The iPad is a nascent platform.  At this point there are some extremely frustrating limitations when it comes to getting real work done.  I firmly believe that the iPad represents a new paradigm in computing.  The platform will evolve and hopefully we'll see capable competitors enter into the market and expand it.

Today, with the current OS, the iPad is useful for two groups.  First are people who want to use computing but find much of computing today intimidating or confusing.  Do you frequently wonder where you saved a file?  Do you have a hard time telling if a program is "open" or not?  Do you feel the computer gets in the way of work more than it aides you?  Have you broken your computer trying to install software?  If so, you may be a candidate for the iPad.  The iPad completely hides all the complexity involved in computing, and some of the people I know who are most enjoying the iPad are not computer people.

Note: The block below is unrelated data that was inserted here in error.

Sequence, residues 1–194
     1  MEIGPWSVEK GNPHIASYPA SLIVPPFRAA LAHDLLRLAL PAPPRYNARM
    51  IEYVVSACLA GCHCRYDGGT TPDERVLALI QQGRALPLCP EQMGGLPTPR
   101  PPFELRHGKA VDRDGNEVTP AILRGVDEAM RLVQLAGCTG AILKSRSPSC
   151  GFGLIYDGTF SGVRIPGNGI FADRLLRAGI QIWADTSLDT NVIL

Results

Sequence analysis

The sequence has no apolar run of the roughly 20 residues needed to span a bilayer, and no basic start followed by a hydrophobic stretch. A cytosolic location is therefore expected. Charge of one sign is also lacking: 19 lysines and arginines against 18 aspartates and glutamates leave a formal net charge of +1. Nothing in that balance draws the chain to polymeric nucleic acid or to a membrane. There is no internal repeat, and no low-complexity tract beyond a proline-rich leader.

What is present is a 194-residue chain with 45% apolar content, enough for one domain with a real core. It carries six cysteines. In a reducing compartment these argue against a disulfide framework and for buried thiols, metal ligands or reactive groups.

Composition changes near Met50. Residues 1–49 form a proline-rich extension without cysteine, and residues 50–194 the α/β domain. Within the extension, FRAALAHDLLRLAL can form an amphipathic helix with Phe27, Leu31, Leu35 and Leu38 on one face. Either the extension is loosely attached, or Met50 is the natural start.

The second group is early adopters.  The people who enjoy being on the bleeding edge of technologic advancement.  The iPad is undeniably cool.  The visceral nature of touching data is intoxicating for those who have been obsessed with what computers future will look like.

For mainstream and advanced computer users, the iPad may bring more frustration than satisfaction at this point.  You have to make accommodations to the device to get the most out of it, and you have to be ready to run home to your PC or Mac under certain work conditions.  By all means, wait for the next iPad.  Wait to see what Google and Microsoft do in the space.  You'll likely find the waters of touch computing more inviting in a year or two.

Can you get any work done on it?